Fall often calls for routine provider visits– why? Children going back to school, sports physicals, work physicals, and annual care check ups are just a few reasons!
How important are annual check ups?
Are they important?
Differing opinions exist amongst physicians and patients. However, we can all agree that taking preventative action is a key part of total well-being. Prevention can include healthy nutritional behaviors, physical activity, and coaching, but it can also include a regular visit with a physician you trust. Here are some points to consider, as they may affect the frequency with which you meet:
White coat syndrome is real – particularly as it relates to hypertension. Anxiety can temporarily increase blood pressure. More importantly, depending on the patient’s experience with medical facilities, there may be an increase in general anxiety when it comes to appointment time. In addition, we may fear the results of any tests (high/low numbers in one or more health categories), a run in with needles (EEEE– blood draw!), or the perceived invasiveness of a physical assessment. From the time we are small, we internalize and carry with us every experience we have with our physicians and they can affect our relationship with them in the future.
Depending on your age, previous health markers, family history, and behavioral risk factors, screening guidelines should be considered and adjusted. Setting a baseline for your personal numbers and scheduling the appropriate tests should be decided via an open discussion with your physician. This brings into consideration the next two items; chronological versus biological age and personal responsibility.
Chronological Age vs. Biological Age
We often talk about exercise, nutrition, and stress as the big three behaviors. Of course, there are many smaller behaviors that impact these three big ones! Hydration, work/life balance, alcohol consumption, environment, and your support circle are just a handful. These can all affect the way we age, too. The saying, you can have the heart of a 20 year old in a 50 year old body is true. We assume that “the norm” as we age is for our fitness level to decrease. This is based on a sample population! If we do a walk test for 100 participants aged 50, we can determine the “norm” for that age. BUT, do you want to be part of the norm? Hence, personal responsibility plays a part in your journey.
We will thoroughly discuss healthy actions YOU have the power to take as the month progresses. Any positive health related behavior can slow down aging and improve your health. Personal responsibility encompasses more than just daily behaviors, though. There is a personal responsibility to monitor your health as the year(s) go by, and this may include visiting with your physician and determining a plan that works for you, asking questions about your routine and self-care, and incorporating self-exams to increase your awareness of your body changing.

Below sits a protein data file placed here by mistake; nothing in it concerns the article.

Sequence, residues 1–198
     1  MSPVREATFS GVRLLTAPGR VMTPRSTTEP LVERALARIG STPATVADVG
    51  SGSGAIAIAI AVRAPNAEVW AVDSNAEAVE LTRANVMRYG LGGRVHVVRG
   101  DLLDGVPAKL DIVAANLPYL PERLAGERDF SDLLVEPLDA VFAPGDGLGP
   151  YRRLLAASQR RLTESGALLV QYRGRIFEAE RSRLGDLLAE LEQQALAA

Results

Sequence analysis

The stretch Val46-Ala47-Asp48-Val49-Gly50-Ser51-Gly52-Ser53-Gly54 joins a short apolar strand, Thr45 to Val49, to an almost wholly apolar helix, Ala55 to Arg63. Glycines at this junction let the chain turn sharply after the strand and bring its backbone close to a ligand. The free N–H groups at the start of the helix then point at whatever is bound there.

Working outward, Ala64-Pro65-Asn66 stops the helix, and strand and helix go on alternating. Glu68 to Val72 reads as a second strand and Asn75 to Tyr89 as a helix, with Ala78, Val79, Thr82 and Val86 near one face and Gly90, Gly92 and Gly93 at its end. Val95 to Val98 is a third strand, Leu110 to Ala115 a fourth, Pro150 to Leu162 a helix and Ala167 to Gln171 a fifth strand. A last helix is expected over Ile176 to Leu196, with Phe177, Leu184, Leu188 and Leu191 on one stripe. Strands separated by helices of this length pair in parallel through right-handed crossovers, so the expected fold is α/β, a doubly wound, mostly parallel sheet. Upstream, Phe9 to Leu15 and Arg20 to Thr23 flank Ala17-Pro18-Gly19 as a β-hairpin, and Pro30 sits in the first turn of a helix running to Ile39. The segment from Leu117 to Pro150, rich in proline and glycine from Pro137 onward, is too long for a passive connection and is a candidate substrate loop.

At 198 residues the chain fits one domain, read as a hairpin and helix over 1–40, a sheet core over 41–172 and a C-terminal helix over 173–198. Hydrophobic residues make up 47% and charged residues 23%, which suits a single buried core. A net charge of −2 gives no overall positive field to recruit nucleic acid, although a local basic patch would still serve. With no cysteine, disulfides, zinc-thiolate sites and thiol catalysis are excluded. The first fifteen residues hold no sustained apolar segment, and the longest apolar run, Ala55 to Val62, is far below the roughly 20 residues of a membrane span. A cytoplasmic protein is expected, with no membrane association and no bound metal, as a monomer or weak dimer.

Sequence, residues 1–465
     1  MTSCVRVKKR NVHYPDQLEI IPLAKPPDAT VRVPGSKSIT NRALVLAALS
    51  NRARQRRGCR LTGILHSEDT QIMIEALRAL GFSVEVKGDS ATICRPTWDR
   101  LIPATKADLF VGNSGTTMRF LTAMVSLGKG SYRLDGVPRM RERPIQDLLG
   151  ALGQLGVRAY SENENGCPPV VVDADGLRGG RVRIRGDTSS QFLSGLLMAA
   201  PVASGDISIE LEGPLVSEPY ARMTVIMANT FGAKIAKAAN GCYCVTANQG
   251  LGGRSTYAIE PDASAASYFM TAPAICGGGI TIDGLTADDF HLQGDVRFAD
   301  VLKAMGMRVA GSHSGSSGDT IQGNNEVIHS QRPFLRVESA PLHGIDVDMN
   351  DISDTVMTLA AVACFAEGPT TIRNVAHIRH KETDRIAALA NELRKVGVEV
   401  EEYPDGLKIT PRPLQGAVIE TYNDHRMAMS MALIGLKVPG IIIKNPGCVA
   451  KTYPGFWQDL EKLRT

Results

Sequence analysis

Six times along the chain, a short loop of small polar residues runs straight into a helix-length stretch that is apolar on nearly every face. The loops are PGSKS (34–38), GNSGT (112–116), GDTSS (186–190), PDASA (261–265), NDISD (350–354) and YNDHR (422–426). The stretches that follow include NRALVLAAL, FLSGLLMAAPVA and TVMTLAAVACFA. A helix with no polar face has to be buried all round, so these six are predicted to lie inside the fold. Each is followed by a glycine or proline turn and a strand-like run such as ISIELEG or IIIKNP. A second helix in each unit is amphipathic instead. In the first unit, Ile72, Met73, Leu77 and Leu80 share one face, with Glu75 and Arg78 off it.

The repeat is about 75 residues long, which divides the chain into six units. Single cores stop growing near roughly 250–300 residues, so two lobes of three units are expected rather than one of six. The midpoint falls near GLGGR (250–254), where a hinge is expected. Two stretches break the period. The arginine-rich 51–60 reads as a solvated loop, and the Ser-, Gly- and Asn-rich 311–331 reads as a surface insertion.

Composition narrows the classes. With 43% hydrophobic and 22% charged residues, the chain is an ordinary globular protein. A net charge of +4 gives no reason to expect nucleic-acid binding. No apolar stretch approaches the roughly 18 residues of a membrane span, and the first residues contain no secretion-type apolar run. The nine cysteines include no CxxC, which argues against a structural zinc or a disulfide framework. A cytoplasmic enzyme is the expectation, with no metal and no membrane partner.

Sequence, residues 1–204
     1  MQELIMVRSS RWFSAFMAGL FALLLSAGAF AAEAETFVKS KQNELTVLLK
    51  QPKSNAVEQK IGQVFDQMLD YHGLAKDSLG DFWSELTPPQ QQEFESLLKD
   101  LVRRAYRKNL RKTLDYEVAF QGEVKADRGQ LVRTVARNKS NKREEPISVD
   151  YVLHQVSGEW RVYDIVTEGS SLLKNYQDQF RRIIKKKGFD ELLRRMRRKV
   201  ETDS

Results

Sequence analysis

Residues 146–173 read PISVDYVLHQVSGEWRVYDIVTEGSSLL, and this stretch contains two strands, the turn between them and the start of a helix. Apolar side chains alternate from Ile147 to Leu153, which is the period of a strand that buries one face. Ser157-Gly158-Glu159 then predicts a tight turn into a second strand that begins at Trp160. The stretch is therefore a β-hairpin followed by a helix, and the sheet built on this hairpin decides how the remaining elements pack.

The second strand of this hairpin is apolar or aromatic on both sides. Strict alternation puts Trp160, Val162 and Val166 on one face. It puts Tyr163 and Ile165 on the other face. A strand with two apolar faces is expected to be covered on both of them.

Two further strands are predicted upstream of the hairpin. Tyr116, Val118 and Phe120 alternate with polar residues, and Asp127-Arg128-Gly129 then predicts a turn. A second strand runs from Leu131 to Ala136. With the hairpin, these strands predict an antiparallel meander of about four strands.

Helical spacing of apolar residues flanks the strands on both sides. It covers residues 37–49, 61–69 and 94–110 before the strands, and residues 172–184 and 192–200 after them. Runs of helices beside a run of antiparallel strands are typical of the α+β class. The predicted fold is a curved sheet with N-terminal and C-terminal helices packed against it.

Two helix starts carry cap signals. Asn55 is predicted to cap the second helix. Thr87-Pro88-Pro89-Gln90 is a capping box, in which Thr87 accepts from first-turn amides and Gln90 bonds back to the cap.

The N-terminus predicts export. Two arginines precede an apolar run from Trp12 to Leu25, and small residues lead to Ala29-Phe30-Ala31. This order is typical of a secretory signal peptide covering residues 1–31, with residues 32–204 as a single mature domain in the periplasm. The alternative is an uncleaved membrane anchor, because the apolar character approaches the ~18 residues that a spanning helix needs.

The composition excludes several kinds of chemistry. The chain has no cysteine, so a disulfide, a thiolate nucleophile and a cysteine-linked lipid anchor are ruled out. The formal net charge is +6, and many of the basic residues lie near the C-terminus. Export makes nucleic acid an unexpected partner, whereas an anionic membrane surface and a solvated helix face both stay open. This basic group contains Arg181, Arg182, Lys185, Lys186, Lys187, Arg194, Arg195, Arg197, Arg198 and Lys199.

So to answer our question, yes, annual appointments with your physician are important. A relationship with your primary care physician = primary value.
Early diagnosis of illness is crucial in creating a treatment plan. But a yearly physical is not enough without self-care and personal responsibility. Be sure to do a variety of self-exams, including physical (body assessments) and mental health options (behavioral, emotional, or mental health assessments). These may raise questions that you forget to ask your doctor! They may also help you evaluate your health behaviors and implement changes in your daily life. Just going to the doctor and not making lifestyle changes won’t change your preventative health! Your relationship with your primary care physician ultimately will benefit you by providing a lens through which you can clearly see what behavior changes you can implement to balance your wheel.
To wrap up our blog, here’s an alarming statistic for you– only 3.3 percent of Emergency Room visits met proper criteria for the visit. The remaining visits included complaints around back pain, headaches, sore throats, dental issues, and mental health disorders. Of course the treatment was necessary, but it could have been handled more appropriately in a preventive care visit resulting in lower cost, better specialized care, and happier patients!